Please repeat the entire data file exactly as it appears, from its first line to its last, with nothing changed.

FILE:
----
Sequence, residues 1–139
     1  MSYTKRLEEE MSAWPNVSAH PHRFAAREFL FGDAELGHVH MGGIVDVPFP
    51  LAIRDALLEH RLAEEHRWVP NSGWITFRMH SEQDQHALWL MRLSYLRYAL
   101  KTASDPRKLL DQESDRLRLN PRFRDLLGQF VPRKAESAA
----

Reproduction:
Sequence, residues 1–139
     1  MSYTKRLEEE MSAWPNVSAH PHRFAAREFL FGDAELGHVH MGGIVDVPFP
    51  LAIRDALLEH RLAEEHRWVP NSGWITFRMH SEQDQHALWL MRLSYLRYAL
   101  KTASDPRKLL DQESDRLRLN PRFRDLLGQF VPRKAESAA